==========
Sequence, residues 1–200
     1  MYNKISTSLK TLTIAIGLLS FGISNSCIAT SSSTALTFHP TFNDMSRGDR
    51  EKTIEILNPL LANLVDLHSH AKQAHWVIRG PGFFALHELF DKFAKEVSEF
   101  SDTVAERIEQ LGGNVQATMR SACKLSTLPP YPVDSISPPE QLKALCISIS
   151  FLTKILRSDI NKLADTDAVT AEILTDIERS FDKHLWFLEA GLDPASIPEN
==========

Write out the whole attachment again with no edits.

Sequence, residues 1–200
     1  MYNKISTSLK TLTIAIGLLS FGISNSCIAT SSSTALTFHP TFNDMSRGDR
    51  EKTIEILNPL LANLVDLHSH AKQAHWVIRG PGFFALHELF DKFAKEVSEF
   101  SDTVAERIEQ LGGNVQATMR SACKLSTLPP YPVDSISPPE QLKALCISIS
   151  FLTKILRSDI NKLADTDAVT AEILTDIERS FDKHLWFLEA GLDPASIPEN